Communications & Events
Communications & Events
When was the last time your organisation took a long hard look at their approach to internal communications?
Why do so many companies ignore their best advocacy audience and why are many spending the big dollars on engaging only external audiences?
Here's my opinion piece in Australia's B&T magazine.
If you'd like an assessment of how you can rejuvenate your internal communications, please call me on 0411 473 938.
Question – would you be able to give the instruction, push a button and put into a play a communication across the length and breadth of your organisation’s networks to gain the most for your latest campaign?
If the answer is yes, then I commend you.But the real truth is that while we spend a lot of time talking about strategy development this, and social media marketing that, the main treasure which supports the communication of any campaign, targeting any segment, should be at the ready. Most of the time it’s not. Sometimes it's as bad as not knowing what the next department is doing, let alone the exploits of your volunteer supporter group. The treasure is the intelligence you have about your network – who are they, what are they, where are they and what are they up to.
Australia’s media last week has been in a flurry thanks to Gina Rinehart’s bid for editorial influence at Fairfax media but why all the shock and awe? With the Leveson enquiry providing a decent lesson in the realities of media ownership, Rinehart’s move can be seen as a natural progression in the ecology of how traditional media works in this country.The biggest surprise is the blatant nature of the move, which was thwated today, and there has been no shortage of commentators from within and from the periphery talking about why it’s happening.Meanwhile, the traditional media finds itself hamstrung in assisting the media landscape to be any different. It is a self-perpetuating quagmire of rules, editorial dictate, ratings and circulation.The mistake here is to think the traditional media beast still has as much control as it thinks it does. The past twenty years has seen massive adjustments to how media operates reports and generates revenue in order to deliver information each day. Things have changed. If you take the insular view and look at broadcast and print media as a single entity this week’s news is nothing short of dire.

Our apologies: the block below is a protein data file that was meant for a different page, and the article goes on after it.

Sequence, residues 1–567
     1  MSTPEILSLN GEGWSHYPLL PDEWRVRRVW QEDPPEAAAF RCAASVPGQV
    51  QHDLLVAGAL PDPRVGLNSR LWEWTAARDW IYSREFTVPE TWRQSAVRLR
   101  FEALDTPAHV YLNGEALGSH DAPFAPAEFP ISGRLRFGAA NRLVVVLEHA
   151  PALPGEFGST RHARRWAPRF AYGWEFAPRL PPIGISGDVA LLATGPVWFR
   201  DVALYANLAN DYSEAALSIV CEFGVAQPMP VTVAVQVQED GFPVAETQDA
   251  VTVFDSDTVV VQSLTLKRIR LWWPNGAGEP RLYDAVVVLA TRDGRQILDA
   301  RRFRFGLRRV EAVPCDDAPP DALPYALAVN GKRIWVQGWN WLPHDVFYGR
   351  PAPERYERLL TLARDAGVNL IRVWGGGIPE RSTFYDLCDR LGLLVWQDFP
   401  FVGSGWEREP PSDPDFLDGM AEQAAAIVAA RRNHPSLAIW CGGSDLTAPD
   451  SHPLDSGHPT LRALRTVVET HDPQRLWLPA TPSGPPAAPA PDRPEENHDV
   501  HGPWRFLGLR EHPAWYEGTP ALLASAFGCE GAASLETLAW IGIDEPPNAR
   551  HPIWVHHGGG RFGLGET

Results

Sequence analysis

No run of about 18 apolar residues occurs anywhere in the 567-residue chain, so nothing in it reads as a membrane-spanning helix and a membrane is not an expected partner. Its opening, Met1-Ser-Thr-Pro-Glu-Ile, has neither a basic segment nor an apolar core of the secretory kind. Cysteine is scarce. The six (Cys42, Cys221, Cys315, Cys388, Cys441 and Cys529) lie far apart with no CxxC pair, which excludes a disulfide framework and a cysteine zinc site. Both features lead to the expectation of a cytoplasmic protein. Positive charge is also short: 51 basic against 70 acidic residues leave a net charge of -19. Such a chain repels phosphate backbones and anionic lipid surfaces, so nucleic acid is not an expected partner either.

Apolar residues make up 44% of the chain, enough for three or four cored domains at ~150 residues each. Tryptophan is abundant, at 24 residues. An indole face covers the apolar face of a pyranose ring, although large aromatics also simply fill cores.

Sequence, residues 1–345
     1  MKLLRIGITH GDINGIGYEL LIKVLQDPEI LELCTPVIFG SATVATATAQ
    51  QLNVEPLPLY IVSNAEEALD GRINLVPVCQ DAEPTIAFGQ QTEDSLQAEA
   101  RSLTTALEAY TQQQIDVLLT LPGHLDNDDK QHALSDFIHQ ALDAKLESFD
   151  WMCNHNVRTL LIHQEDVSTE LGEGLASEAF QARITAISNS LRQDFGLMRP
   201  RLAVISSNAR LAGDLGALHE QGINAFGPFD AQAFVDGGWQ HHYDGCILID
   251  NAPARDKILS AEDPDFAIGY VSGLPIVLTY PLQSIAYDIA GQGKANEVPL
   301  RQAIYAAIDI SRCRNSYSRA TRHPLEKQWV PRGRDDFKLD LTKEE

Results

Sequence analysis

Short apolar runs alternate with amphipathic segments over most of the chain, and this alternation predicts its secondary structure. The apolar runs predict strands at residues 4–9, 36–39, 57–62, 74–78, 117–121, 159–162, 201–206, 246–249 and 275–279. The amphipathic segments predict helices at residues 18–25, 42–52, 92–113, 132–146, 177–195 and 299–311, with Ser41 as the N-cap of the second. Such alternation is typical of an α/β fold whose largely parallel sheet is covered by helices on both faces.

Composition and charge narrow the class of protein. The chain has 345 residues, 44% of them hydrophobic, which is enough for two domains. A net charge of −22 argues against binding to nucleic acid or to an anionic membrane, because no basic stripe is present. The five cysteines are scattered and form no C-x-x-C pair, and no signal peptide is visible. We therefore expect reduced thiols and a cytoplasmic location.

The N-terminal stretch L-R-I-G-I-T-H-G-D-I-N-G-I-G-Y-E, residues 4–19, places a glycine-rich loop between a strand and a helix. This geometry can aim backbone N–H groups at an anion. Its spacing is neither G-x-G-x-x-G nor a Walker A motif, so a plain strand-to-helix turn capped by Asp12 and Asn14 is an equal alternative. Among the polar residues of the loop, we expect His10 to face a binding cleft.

Call for Entries - The Minister for Social Inclusion, the Hon. Mark Butler MP, launches the Volunteering Video Competition for Young People.
See the media release here
The Volunteering Video Competition for Young People is open from 9am Australian Eastern Standard Time (AEST) Thursday 19 April 2012 to 5pm AEST Sunday 22 July 2012.
The theme for the competition is "Your Passion, Our Nation. Volunteer Now!"
Entrants to the competition will be divided into two age groups:
Category A - Aged 15 to under 18 years
Category B - Aged 18 to under 25 years
Entrants are required to submit a 30 to 60 second audiovisual advertisement to promote volunteering to young people. Video entries will be vetted by the Office for the Not-for-Profit Sector to ensure they meet the competition eligibility criteria. Eligible submissions may be published online on the Competition website.
Canon 5D Mark II video kit which includes a Camera, Canon 24-105mm f4L lens,Rode Video Mic Pro, Dead Cat and more
You can enter via the offical competition website, which can be found here
Neighbours across the country are getting ready to celebrate their communities with barbecues, street parties and other local events for Australia’s Neighbour Day on Sunday 25th March 2012, the national event’s 10th anniversary.
“Neighbour Day has evolved to become Australia’s annual celebration of community and it’s all about building connections between residents wherever we choose to call home,” said Neighbour Day founder and Australia Day Ambassador Andrew Heslop.
“Councils and shires have also become involved by organising festivals, open days and community activities in parks and other public spaces.
“Knowing our neighbours creates safe, inclusive and sustainable communities. Not only does that help to break down the barriers of loneliness and isolation but it provides reassurance there is someone to call upon during a local emergency or disaster,” Andrew said.
Founded in Melbourne in 2003 following the eventual discovery of the lonely death of an elderly woman two years earlier, Australians in urban and regional areas have embraced the day with no incentive other than a shared belief in safe, resilient and sustainable communities.
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